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From Gary Martin <>
Subject Re: [Apache Bloodhound] #146: Inline editing of objects
Date Tue, 27 Nov 2012 16:54:56 GMT
On 27/11/12 15:56, Olemis Lang wrote:
> On 11/26/12, Joachim Dreimann <> wrote:
>> On 26 November 2012 06:49, Peter Koželj <> wrote:
>>> Not sure how much does support for javascript disabled browsers
>>> complicate
>>> things, but do we really care to support this when everybody is rushing
>>> to
>>> HTML5?
>>> I haven't that kind of requirement for a web application in the last 7
>>> years or so.
>> HTML5 and JavaScript are two different issues, most obviously because one
>> is a fix for the other:
>> HTML5 will also take some of the weight off JavaScript going forward, for
>> example with contentEditable in this context:
>> Public sector organisations usually require all software to meet certain
>> accessibility standards, and I would suggest that we build to their most
>> basic standards at least. Screen readers often struggle with javascript, so
>> Gary's suggestion was to at least have JS-less fallback (the current edit
>> form). It's acceptable that this won't be pretty; most users will never see
>> it.
> Yes . Sometimes javascript solution is not available (e.g. disabled,
> blocked by firewalls, unexpected errors ...) and pages should fallback
> to non-JS behavior . There are even browsers like Netsurf built
> without JS support ...
> {{{
> #!sh
> $ apt-cache show netsurf
> Package: netsurf
> Priority: extra
> Section: universe/web
> Installed-Size: 1248
> [...]
> Description: Small portable web browser with CSS and Unicode support
>   NetSurf is a multi-platform lightweight web browser. Its aim is to provide
>   comprehensive rendering of HTML 4 with CSS 2 in a small resource footprint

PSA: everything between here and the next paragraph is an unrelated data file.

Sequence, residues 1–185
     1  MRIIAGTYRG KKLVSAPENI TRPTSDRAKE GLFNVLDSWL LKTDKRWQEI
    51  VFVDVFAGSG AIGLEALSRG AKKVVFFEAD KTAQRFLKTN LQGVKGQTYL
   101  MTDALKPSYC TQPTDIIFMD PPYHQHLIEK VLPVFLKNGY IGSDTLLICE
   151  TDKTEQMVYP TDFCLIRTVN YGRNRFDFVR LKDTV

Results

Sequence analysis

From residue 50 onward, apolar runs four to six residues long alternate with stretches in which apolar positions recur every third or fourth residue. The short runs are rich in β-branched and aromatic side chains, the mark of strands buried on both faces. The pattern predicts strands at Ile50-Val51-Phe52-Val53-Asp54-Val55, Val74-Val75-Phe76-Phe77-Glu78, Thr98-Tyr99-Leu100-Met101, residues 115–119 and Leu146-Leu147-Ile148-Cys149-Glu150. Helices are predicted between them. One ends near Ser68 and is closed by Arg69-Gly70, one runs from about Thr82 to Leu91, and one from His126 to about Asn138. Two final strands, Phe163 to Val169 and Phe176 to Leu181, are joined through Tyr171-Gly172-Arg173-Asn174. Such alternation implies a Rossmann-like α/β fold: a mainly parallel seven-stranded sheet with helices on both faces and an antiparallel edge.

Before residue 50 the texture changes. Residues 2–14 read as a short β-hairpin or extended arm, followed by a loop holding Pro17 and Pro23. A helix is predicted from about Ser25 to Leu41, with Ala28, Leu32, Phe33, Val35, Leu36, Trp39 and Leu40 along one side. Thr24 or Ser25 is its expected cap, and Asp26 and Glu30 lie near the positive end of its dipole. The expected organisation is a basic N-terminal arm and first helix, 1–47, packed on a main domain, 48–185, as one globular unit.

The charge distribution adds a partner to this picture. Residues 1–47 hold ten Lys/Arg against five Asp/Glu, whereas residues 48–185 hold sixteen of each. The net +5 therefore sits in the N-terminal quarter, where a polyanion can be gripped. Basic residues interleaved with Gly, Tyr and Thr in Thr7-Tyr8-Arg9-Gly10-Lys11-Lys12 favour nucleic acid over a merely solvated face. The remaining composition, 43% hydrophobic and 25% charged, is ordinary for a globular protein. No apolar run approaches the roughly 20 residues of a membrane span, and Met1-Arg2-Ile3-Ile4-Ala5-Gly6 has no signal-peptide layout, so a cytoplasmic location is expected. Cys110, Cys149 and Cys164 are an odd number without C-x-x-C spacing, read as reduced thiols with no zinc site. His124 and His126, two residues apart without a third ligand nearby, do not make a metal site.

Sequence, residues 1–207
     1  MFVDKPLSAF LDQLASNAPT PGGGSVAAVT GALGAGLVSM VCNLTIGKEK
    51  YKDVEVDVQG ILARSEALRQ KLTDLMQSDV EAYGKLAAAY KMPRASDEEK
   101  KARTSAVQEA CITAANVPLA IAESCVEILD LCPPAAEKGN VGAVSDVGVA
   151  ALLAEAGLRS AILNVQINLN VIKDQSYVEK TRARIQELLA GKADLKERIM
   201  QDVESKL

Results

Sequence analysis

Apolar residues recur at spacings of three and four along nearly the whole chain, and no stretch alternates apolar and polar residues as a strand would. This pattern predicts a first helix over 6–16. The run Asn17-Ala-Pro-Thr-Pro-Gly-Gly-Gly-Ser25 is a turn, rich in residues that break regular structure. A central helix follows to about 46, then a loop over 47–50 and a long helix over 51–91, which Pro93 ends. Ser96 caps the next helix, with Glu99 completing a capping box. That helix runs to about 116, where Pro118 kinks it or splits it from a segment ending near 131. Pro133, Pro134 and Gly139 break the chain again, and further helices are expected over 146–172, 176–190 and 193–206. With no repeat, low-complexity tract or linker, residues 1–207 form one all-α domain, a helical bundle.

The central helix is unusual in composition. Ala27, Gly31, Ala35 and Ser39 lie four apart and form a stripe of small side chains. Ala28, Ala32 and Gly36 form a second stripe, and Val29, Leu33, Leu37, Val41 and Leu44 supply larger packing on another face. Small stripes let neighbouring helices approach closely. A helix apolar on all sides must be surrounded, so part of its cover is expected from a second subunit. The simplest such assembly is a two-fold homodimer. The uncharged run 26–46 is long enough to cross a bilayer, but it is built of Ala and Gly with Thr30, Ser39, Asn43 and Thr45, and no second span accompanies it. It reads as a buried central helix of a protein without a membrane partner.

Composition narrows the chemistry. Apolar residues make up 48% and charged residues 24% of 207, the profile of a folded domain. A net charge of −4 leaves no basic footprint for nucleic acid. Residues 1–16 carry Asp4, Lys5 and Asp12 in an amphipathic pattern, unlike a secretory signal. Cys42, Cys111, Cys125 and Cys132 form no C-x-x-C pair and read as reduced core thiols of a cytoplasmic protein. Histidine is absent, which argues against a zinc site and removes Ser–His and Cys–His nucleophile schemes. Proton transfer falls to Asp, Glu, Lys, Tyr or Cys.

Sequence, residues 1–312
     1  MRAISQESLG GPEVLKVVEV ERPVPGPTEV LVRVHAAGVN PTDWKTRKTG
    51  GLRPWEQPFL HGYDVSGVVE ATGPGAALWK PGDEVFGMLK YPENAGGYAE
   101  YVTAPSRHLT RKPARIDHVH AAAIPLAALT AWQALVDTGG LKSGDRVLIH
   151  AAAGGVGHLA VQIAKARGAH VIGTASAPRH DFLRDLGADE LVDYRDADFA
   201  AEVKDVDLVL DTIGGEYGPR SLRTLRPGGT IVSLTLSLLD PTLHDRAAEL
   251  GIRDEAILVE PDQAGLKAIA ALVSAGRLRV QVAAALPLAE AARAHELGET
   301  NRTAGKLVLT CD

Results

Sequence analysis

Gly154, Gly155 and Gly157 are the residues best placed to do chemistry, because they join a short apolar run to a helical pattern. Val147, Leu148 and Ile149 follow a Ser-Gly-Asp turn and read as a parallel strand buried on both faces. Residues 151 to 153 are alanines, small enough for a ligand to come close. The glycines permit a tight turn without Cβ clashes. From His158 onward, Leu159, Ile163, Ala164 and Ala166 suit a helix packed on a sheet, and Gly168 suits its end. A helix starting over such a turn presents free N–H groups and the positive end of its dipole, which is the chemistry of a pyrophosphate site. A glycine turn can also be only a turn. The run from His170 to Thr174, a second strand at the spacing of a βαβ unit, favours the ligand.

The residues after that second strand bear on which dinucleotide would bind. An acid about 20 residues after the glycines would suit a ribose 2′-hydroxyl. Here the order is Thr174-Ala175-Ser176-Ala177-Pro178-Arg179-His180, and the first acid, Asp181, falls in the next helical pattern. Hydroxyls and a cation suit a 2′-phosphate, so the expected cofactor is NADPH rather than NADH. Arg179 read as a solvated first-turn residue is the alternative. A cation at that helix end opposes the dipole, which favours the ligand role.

>   while remaining fast.
> [...]
> }}}
> BTW , some parts of the site are not looking good on Netsurf . If that
> deserves some attention , please let me know to create a new ticket
> with screenshots .
> Unfortunately at the moment that also means that e.g. mainnav and
> create ticket shortcut menus won't work . We should take a look at
> that too .

Yeah, I suspected as much.

Is there a particular reason that these buttons cannot fall back to 
being links? I wouldn't mind the Create Ticket button being a link to 
/newticket with the potential side effect of being able to open 
/newticket in a new tab. Actually, I can't think of a good place for the 
Apps to link to at short notice. Would there be any problems with having 
all the menu items visible, perhaps wrapping when there are too many, 
when js is not available?

It does not need to be a particularly beautiful solution, we just need 
to let users access the links that they would otherwise lose. All 
without compromising on the experience for those with js enabled.


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